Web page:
Questions include:

  • Grits. Sugar or Salt? – Topic: Decisions
  • What is an unforgettable fact? – Topic: Facts versus the Truth
  • What is your greatest motivator? – Topic: Self esteem
  1. Show them your scars! Story-time/Holla Time

There is an old adage that admits that misery loves company. Nevertheless, positive people enjoy company as well. Our youth groups, mentor teams, and teen worship services are filled with hurting people who need help.  Healing will happen in a fun environment. During youth services, the youth are doubtful that the person next to them is hurting because undoubtedly all of them are hiding behind a false sense of contentment.  The scars from the past may appear ugly but they tell a story of healing and survival. They need your transparency. When we reveal the scars we reveal the proof that wounds will close and life will go on (John 20:27).

Story time/Holla Time is an open forum or panel discussion where we allow the teens to tell about their day or a selected topic. I usually go first to get the ball going. But you can also utilize a question box. Leave the box out for a few weeks. On the day you choose to do the panel, pull questions from the box. Be sure to review the questions first. Story time has to be structured chaos. Allow them to tell about the crazy stuff as well as the serious stuff but you must be the mediator. Know when to gently cut them off and when to dig for more details. As kids tell their daily dilemmas, unpack the details and use those moments to get them to see how their story can save others.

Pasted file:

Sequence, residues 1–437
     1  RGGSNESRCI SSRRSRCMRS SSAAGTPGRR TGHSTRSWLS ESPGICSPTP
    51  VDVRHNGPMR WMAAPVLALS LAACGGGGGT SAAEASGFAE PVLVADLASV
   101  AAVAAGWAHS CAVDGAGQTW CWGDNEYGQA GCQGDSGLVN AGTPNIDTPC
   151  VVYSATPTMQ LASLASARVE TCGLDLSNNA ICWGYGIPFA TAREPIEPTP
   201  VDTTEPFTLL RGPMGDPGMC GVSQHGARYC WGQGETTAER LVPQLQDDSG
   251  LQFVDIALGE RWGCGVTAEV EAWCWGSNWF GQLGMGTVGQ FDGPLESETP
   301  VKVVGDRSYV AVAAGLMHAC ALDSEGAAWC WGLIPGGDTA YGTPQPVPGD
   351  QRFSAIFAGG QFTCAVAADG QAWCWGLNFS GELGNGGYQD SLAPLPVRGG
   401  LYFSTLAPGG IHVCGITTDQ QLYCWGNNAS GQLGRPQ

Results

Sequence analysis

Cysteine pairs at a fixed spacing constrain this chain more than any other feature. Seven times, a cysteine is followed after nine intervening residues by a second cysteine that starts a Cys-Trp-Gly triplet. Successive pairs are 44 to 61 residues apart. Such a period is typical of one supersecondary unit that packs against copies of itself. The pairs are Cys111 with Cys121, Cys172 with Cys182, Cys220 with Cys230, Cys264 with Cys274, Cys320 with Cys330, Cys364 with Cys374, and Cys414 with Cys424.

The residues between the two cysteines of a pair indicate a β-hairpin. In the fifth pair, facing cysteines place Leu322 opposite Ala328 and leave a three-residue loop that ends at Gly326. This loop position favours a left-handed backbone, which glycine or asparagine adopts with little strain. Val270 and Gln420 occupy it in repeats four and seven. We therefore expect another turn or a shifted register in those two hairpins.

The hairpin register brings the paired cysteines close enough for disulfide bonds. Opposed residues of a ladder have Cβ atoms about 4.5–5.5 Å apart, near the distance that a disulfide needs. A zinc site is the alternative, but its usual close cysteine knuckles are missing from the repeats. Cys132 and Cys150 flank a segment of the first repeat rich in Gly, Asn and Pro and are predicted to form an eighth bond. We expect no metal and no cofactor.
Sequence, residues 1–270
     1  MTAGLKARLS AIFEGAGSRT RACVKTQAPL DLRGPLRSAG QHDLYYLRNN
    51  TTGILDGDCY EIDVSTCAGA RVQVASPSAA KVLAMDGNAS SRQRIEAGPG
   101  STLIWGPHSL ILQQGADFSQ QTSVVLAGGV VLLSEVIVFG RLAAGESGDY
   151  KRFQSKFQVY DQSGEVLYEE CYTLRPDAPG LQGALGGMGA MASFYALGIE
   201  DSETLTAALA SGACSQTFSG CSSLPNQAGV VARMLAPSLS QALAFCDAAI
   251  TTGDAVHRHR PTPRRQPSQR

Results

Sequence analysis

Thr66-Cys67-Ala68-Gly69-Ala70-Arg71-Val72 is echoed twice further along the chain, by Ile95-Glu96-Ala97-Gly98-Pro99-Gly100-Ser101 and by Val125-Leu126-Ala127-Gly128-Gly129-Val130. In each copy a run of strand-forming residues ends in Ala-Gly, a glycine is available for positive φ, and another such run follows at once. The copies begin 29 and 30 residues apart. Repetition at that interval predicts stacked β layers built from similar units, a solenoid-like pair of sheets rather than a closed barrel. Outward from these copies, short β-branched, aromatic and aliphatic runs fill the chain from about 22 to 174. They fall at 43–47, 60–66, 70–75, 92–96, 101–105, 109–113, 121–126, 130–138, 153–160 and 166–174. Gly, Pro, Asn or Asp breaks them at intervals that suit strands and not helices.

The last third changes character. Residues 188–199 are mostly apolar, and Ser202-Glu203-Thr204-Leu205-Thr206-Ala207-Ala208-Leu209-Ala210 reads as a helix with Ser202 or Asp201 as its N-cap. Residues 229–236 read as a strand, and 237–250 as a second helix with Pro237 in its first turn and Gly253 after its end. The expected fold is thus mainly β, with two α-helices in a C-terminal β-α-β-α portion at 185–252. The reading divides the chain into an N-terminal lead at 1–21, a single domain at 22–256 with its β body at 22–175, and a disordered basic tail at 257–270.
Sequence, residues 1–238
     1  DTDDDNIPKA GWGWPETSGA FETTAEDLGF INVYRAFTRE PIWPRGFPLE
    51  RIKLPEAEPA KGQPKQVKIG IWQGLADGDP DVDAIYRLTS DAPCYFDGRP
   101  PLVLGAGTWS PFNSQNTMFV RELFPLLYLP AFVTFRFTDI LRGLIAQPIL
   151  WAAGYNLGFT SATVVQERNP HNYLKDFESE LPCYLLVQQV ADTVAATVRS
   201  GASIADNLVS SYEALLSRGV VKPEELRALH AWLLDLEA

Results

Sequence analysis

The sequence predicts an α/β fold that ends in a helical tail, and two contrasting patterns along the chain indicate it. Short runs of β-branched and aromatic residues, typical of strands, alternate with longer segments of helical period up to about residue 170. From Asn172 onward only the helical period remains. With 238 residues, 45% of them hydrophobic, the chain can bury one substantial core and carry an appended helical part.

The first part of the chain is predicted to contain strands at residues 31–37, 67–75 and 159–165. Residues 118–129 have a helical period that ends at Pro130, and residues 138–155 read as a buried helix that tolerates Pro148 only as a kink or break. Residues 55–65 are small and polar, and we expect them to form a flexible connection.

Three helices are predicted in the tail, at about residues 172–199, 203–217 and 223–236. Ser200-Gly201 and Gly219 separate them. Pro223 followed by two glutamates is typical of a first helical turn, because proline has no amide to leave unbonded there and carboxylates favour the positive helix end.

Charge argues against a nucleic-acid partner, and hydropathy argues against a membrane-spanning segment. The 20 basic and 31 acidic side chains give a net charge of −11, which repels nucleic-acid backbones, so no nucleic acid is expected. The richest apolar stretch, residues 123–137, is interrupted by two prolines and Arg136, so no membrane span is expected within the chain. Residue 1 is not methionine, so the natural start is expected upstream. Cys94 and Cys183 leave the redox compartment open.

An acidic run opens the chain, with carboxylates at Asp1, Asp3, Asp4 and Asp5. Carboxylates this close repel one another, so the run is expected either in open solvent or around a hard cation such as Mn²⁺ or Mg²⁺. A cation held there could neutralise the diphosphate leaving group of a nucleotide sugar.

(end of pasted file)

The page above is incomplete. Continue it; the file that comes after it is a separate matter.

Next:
1. Be purposeful in training.

Dedicate a bible-study or Sunday worship series to discipleship. Each week, begin your service with one of your volunteers telling their story (What happened on the day they gave their life to Christ? Tell about a time that Jesus did a miracle for them.) Next, pick a bible character that told their story and how it changed the lives of others.

  • Paul and Silas’ prison guard told his story to his family – (Acts 16:34)